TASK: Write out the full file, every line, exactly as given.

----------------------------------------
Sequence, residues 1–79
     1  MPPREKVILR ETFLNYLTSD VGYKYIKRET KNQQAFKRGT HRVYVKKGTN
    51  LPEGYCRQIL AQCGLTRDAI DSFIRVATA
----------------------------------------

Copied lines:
Sequence, residues 1–79
     1  MPPREKVILR ETFLNYLTSD VGYKYIKRET KNQQAFKRGT HRVYVKKGTN
    51  LPEGYCRQIL AQCGLTRDAI DSFIRVATA